Instacart allows users to see grocery delivery in as little as two hours from a number of retailers including Costco and Whole Foods. The service is presently available in Atlanta, Austin, Boston, Boulder, Chicago, Denver, Houston, Los Angeles, New York, Philadelphia, Portland, San Francisco Bay Area and San Jose. The company that was founded in San Francisco is expanding rapidly under the direction of CEO Apoorva Mehta.

Instacart – Massive valuation growth

In June of this year, Instacart was valued in the neighborhood of $400 million following an investment round that raised $44 million with the lion’s share coming from the venture capital Andreessen Horowitz. In this round, according to the report at Re/code, Kleiner Perkins but up $210 million in a round that plans to raise a total of $220 when its finished. Where the other 10 million is coming from has not been disclosed in the same regulatory filing that shows the Kleiner Perkings investment.

Just last year, the company had only operated in San Francisco but has expanded from coast-to-coast quite rapidly. The company also unveiled its Instacart Express package that provides free delivery on orders over $35 for an annual membership of $99. This is considerably cheaper that the $299 Prime membership option that Amazon offers on its grocery delivery service.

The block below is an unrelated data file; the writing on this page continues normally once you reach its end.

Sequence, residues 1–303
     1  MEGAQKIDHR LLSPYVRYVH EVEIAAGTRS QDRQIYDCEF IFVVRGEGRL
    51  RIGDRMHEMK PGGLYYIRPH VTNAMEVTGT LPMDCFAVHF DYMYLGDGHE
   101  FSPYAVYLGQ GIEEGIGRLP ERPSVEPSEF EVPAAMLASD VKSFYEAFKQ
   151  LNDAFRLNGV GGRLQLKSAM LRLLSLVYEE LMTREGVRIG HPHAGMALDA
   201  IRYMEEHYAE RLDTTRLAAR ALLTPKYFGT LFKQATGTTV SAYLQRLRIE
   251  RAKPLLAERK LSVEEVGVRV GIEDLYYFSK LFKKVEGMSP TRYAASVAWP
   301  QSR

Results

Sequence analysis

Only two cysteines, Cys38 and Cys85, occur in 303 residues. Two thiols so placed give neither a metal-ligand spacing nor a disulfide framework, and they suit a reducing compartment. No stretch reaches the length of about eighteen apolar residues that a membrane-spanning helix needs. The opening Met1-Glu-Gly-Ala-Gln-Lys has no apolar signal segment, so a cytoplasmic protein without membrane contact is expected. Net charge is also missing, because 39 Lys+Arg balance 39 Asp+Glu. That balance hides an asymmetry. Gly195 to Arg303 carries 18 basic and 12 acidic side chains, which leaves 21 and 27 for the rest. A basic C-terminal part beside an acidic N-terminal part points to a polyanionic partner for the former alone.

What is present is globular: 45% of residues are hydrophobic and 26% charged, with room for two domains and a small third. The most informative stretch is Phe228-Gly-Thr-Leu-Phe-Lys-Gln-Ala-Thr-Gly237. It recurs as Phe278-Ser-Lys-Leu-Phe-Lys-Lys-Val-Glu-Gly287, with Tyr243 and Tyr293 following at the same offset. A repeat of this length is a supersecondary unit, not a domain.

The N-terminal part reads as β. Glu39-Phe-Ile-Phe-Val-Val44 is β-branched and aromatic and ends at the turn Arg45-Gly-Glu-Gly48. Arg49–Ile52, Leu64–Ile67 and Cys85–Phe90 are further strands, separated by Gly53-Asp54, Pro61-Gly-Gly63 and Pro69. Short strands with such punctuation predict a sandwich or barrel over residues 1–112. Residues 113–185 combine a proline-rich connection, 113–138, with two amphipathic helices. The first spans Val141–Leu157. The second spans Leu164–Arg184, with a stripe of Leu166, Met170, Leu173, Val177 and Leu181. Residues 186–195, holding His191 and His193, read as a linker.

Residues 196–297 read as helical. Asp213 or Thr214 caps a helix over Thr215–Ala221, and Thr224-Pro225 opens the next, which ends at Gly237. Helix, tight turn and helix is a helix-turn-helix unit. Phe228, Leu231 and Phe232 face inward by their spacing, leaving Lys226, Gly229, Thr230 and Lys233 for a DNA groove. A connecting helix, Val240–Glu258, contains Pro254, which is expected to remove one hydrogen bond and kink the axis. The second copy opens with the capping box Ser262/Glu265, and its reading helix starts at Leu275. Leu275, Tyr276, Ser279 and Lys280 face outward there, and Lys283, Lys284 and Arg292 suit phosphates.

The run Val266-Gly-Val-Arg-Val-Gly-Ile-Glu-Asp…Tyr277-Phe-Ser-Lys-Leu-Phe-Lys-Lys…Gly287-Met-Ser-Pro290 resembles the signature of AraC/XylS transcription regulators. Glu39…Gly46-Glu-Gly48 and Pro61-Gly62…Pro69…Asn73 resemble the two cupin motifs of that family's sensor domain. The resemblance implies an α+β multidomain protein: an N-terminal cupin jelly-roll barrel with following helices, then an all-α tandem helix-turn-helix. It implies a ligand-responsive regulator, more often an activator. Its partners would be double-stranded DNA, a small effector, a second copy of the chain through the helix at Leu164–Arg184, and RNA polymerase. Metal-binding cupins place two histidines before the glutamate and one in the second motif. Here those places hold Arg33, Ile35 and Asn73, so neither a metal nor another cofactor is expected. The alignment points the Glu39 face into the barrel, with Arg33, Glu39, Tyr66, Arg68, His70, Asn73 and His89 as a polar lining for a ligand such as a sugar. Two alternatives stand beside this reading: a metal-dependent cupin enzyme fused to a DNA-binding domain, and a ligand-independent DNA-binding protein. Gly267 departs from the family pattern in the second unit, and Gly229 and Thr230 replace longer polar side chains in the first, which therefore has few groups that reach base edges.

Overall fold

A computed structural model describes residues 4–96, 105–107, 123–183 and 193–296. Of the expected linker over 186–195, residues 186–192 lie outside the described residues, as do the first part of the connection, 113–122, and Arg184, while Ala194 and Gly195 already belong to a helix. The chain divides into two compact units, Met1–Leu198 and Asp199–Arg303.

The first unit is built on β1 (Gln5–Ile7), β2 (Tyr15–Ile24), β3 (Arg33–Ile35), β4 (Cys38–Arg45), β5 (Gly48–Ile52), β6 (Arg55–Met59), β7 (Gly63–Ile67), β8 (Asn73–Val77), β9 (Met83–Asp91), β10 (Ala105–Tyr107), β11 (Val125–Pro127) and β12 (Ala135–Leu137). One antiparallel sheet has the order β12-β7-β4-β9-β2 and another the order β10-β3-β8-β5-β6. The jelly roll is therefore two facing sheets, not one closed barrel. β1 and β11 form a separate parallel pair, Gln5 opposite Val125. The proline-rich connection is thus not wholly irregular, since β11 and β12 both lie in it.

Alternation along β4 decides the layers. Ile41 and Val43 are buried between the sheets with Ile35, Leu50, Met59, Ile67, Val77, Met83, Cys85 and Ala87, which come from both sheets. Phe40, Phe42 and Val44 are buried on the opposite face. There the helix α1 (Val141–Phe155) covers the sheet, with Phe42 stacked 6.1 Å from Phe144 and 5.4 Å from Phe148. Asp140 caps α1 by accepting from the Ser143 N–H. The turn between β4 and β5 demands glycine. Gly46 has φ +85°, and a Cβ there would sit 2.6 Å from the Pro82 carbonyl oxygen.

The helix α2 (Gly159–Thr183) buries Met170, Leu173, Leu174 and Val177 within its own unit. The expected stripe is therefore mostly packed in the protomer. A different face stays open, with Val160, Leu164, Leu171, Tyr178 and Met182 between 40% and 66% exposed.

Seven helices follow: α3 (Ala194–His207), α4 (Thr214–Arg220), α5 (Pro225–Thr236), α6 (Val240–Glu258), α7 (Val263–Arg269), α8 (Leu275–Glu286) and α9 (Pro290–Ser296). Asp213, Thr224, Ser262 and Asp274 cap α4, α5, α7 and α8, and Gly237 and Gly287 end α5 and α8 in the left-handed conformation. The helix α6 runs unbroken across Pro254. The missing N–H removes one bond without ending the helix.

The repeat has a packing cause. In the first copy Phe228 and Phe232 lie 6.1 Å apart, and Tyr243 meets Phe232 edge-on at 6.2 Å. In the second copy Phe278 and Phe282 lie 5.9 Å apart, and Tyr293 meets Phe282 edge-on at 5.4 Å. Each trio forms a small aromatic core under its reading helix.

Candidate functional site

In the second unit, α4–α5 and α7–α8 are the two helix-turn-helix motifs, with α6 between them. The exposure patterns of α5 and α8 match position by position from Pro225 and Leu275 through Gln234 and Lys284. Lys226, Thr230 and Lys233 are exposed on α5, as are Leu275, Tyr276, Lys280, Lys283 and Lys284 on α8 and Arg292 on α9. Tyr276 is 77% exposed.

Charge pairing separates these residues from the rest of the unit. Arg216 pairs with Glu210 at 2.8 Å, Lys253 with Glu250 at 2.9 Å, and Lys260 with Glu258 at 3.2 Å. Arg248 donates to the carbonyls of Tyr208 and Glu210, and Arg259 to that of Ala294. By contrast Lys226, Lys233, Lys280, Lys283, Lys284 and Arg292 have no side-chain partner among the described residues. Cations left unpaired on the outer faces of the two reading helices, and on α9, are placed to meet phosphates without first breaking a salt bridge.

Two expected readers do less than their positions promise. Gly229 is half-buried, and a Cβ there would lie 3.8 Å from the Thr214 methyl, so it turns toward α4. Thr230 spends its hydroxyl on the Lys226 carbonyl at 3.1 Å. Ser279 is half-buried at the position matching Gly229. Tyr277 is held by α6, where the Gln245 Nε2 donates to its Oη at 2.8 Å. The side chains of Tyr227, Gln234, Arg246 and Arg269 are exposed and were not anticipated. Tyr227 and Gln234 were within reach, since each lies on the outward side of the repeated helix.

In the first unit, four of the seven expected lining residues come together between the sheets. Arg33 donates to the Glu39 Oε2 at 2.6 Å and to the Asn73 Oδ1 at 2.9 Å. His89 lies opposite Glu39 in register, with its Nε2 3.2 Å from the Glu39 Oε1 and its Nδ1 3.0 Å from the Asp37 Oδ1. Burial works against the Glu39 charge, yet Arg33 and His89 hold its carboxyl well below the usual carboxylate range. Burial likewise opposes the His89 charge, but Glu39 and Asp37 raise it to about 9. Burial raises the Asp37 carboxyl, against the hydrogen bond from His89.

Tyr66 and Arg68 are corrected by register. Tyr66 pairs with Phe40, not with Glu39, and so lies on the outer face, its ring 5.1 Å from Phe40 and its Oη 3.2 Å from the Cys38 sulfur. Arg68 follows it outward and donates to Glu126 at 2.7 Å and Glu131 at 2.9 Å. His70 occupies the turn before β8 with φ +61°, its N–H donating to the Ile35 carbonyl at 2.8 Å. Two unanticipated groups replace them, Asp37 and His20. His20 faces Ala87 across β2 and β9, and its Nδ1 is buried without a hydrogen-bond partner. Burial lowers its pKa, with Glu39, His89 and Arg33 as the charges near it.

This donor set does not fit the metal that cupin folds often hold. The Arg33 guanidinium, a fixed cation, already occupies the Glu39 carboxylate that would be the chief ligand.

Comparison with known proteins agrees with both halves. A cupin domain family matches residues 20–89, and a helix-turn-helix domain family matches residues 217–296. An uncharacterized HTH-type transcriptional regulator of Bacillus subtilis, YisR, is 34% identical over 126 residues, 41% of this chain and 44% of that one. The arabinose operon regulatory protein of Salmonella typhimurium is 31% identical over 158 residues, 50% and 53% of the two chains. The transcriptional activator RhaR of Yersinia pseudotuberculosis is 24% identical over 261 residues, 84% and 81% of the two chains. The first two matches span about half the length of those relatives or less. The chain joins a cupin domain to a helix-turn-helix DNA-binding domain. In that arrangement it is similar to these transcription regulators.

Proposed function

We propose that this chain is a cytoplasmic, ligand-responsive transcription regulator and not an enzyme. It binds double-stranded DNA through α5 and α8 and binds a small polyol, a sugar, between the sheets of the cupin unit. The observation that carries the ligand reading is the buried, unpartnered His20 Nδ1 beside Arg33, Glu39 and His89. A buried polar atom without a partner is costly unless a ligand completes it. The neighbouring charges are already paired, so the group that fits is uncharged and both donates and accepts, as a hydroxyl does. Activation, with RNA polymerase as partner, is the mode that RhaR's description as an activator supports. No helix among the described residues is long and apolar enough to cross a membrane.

“The economics of this are working out pretty well,” said CEO Mehta. “With Instacart Express it doesn’t even make sense for customers to go to the grocery store anymore.”

Instacart

Instacart – Looking to go it alone rather than be acquired?

Presently, Instacart is strictly a grocery delivery company but plans to expand into other areas in the next year.

With this new investment, it looks less and less likely that Mehta is looking to have Instacard acquired by either Google or Amazon and appears that he wishes Instacart to be a stand-alone company that is able to make money on its own.

Since its beginnings in 2012, Instacart has raised money from Sequoia Capital, Khosla Ventures, Canaan Partners, Y Combinator President Sam Altman and Box CEO Aaron Levie as well as the aforementioned investors in the latest two rounds.

 

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